Update on the KAN-101 drug trial and why it’s no fun to be unusual sometimes.
I don’t qualify for the KAN-101 celiac drug trial. Since traveling to Miami to undergo the screening, I waited for confirmation of my Sept. 8 infusion appointment, 21 days after which I would, in theory, be able to eat gluten (bread!) with no ill effects for an as-of-yet-undetermined mount of time. When I saw the doctor’s cell number on my list of missed calls, I got excited. Very. Excited.
Dr. Saltzman’s voicemail, however, gave me pause: “I need to talk to you about your bloodwork.” No one wants that call from a doctor. I called him back and he gave me the not-great news: While otherwise healthy, I have the wrong celiac antigen in my blood and do not qualify for the trial. Which also means if and when this drug gets approval, it probably won’t work for me. The conversation went something like this:
Doctor: No one is more disappointed about this than I am.
Me: Oh, I highly doubt that.
Then I hung up the phone and cried. The Gabber office is about as big as a closet, so my staff had already figured it out. And yes, I know people have far worse health problems than “can’t eat bread,” but that does little to help my particular disappointment.
The wrong antigen — HLA-DQ8 — is uncommon in people with celiac. Really uncommon. My friend, colleague, and scientist-by-training Jen Ring explained it all to me in gentle, no scientist terms. The long and short of it is this: Five percent of celiacs have HLA-DQ8. As only one percent of the population has actual celiac, that means I have something that impacts five percent of one percent of the population, or: one-half person per thousand has the same genetic makeup of celiac and antigens.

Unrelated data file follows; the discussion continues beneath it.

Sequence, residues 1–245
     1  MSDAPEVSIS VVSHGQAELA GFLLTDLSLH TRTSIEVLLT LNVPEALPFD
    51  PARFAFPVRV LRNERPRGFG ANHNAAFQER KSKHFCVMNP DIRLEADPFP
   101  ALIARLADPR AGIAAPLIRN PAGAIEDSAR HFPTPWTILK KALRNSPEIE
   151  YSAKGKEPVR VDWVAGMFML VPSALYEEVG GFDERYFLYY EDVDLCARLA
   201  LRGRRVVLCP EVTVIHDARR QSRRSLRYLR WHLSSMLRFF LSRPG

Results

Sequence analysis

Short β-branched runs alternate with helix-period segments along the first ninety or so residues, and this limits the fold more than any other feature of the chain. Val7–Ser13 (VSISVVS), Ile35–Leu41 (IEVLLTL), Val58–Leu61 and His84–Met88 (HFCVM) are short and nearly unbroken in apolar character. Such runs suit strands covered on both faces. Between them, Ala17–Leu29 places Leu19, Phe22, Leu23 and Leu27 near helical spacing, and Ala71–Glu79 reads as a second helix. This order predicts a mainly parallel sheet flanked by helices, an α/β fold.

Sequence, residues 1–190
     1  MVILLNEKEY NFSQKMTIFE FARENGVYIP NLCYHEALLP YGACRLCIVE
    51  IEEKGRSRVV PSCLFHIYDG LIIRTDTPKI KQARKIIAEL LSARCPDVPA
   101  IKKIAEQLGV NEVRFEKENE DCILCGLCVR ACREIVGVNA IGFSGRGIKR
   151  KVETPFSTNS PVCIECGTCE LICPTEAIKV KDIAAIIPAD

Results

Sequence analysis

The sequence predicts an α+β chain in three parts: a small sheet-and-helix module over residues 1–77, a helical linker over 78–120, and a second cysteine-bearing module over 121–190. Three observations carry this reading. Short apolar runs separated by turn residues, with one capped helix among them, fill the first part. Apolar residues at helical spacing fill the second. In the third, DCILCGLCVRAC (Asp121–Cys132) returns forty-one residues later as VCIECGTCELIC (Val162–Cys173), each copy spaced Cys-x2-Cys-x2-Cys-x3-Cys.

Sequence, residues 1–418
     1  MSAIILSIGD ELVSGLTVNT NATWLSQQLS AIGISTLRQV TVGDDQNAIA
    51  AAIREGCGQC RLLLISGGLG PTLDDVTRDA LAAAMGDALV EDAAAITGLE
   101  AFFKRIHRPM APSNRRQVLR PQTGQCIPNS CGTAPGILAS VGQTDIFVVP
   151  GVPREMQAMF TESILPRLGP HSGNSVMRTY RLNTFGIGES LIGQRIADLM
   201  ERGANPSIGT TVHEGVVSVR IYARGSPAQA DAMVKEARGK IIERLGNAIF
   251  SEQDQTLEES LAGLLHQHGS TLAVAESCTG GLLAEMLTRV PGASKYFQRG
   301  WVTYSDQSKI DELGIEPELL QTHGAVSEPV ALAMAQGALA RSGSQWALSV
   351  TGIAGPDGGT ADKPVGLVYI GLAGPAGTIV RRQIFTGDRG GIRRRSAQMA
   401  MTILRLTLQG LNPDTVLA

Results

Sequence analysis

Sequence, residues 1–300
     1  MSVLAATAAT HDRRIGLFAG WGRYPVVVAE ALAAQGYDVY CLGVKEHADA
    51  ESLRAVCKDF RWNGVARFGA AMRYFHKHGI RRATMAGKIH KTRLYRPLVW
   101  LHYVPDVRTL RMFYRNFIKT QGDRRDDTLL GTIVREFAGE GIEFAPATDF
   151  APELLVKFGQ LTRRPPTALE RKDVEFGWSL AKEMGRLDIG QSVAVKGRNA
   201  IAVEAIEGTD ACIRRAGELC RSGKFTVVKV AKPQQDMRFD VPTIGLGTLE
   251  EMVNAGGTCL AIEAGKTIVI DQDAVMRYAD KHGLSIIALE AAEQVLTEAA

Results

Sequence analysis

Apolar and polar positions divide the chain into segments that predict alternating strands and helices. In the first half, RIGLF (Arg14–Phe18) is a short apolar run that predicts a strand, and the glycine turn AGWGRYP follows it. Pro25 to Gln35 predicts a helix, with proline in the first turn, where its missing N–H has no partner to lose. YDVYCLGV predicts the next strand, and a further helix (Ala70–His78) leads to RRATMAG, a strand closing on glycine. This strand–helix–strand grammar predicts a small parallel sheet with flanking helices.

This should have shocked me. Years ago, I learned I didn’t have the same RH factor as either of my parents. Rare, but not impossible. This, incidentally, prevented me from getting a specific treatment for an immune disorder (doctors now believe my undiagnosed celiac may have triggered that disorder) so instead of getting drug therapy, doctors removed my spleen.
And *why* did my celiac go undiagnosed? Because, friends, I have silent celiac, which — you guessed it — doesn’t happen that often. I didn’t have traditional symptoms.
The moral of this story? I really should look into PowerBall as a career strategy.